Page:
If all are saved, then why the cross ?

  4. You’re not alone in your questioning and wrestling.

    Does believing in Jesus mean a scripted prayer? Does it mean you believe in the message that Jesus preached and practiced while on earth? Does it mean you’ve never heard the message of Jesus but you believe that Love Wins?

    I thought this was a very interesting/telling quote from Rob Bell’s new book that shows the tension we’re left to struggle with:

    “… In speaking of the expansive, extraordinary, infinite love of God there is always the danger of neglecting the very real consequences of God’s love. Namely God’s desire and intention to see things become everything they were intended to be. For this to unfold, God must say about a number of acts and to those who would continue to do them ‘Not here you won’t.’ Love demands freedom. We are free to resist, reject, and rebel against God’s ways for us. We can have all the hell we want.”


  5. There is so much wrapped up in this question of hell…but for me I think the most important aspect is the nature of God. What is God really like?

    The book God: A Biography” by Jack Miles tackles this question. The biography doesn’t paint God in a very good light…he is someone who punishes those he claims to love with unimaginable wrath and while he is a creator God he is also a God who destroys. Young people I’ve worked with always seem to pick up on it right away when the say ‘God seems totally different in the New Testament compared with the Old.’

    How we untangle the difficult sections in the Old Testament is important. The resulting narrative will undoubtedly shed light on our understanding/view/interpretation of hell. A worthwhile starting place might be Rob Bell’s film ‘The God’s Aren’t Angry’.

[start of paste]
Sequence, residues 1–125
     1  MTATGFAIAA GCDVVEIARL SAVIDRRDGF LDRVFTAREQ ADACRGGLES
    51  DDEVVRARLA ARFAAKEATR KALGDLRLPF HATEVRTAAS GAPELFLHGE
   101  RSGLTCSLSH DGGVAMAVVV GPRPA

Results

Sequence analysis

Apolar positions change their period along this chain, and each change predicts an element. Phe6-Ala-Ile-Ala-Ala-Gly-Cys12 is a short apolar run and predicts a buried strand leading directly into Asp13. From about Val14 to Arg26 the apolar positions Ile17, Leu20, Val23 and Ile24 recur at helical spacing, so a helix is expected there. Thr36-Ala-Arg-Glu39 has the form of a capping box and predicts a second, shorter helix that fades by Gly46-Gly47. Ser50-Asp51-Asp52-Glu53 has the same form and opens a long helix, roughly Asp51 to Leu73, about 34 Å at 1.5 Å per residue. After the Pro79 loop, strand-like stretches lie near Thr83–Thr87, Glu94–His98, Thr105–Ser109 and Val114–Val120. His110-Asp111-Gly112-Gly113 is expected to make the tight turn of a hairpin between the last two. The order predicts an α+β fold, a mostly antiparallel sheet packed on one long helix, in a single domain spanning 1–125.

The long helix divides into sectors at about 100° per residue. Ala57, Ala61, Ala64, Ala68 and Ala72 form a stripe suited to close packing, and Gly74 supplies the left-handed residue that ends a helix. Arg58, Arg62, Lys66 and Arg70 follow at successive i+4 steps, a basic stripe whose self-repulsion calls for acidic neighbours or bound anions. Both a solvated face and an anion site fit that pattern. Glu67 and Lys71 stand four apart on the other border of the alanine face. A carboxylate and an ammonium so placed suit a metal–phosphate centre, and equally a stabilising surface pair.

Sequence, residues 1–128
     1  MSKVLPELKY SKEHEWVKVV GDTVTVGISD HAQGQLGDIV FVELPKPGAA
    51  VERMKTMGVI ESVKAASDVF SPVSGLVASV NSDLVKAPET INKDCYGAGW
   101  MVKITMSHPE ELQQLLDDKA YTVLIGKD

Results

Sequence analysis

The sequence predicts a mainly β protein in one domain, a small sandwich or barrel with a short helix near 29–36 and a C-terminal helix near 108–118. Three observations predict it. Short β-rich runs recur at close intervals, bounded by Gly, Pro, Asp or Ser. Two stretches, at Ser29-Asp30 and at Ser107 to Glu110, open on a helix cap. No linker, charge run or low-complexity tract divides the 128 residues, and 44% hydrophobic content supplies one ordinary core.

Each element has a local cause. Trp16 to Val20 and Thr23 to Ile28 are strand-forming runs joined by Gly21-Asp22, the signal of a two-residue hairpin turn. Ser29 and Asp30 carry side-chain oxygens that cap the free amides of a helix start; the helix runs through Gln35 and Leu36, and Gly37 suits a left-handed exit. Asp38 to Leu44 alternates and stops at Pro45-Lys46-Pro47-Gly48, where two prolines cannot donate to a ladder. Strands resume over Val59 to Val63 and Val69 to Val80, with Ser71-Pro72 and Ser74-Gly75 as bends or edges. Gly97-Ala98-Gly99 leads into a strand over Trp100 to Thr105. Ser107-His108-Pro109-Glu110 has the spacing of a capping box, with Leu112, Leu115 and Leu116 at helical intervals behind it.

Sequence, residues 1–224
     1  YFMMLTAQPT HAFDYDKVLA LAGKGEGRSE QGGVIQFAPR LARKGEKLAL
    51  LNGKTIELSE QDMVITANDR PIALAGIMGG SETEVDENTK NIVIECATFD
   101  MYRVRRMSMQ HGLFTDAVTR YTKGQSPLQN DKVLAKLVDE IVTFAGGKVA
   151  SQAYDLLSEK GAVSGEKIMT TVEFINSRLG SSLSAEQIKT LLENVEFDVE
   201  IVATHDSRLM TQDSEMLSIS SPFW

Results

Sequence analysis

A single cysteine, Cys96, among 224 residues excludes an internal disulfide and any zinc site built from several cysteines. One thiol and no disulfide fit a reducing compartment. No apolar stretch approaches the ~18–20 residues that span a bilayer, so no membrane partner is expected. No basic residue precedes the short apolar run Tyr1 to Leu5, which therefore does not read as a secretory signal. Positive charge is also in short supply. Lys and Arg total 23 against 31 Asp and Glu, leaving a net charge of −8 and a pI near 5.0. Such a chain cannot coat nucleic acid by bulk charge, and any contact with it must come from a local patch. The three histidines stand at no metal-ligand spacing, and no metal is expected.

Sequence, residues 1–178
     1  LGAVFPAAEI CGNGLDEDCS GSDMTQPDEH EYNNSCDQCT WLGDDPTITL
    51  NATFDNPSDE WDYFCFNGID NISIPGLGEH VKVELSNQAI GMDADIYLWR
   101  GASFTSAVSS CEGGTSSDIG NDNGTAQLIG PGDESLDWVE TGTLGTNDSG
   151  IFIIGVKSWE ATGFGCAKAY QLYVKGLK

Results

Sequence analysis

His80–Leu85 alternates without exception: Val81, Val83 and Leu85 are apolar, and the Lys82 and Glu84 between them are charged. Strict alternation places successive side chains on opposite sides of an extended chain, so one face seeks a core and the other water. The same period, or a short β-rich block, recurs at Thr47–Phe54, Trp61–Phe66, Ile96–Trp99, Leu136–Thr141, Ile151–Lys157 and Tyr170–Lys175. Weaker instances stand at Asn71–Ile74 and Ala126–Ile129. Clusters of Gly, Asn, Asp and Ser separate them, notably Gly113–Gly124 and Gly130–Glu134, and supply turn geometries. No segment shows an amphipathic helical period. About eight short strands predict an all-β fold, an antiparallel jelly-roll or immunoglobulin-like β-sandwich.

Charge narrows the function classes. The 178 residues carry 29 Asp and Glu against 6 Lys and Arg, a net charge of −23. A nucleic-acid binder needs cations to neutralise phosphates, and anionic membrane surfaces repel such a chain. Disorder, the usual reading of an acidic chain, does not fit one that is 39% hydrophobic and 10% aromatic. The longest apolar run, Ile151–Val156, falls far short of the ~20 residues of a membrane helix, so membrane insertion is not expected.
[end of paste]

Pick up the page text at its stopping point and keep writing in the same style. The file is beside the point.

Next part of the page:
6. The problem with Universalism is that ignores God’s character of justice and holiness. An upright judge cannot let crimes go unpunished in this world and how much holier is the God of the Universe than a human judge.

    Follow the verses after John 3:16…

    John 3:18 He that believeth on him is not condemned: but he that believeth not is condemned already, because he hath not believed in the name of the only begotten Son of God.

    John 3:36 He that believeth on the Son hath everlasting life: and he that believeth not the Son shall not see life; but the wrath of God abideth on him.

    John 6:29 Jesus answered and said unto them, This is the work of God, that ye believe on him whom he hath sent.

    John 6:53 Then Jesus said unto them, Verily, verily, I say unto you, Except ye eat the flesh of the Son of man, and drink his blood, ye have no life in you.

    John 8:24 I said therefore unto you, that ye shall die in your sins: for if ye believe not that I am he, ye shall die in your sins.

    God killed a man because he accidently touched the Ark. In Acts, two church members were struck down because they told a single lie.

    We take our sins so lightly as no big deal when in fact they are high crimes against God Himself.

    That’s why the Gospel is Good News. God is just but He is also merciful and kind and will save those who repent of their sins and knowingly put their trust in Jesus Christ. Amazing grace for the taking!

    Rob Bell thinks the Bible has errors so, of course, he comes up with another false Gospel. Several times he has questions peoples motives for wanting Hell to exist. A clear logical fallacy of ad hominem. It exists whatever my or anyone elses motives are.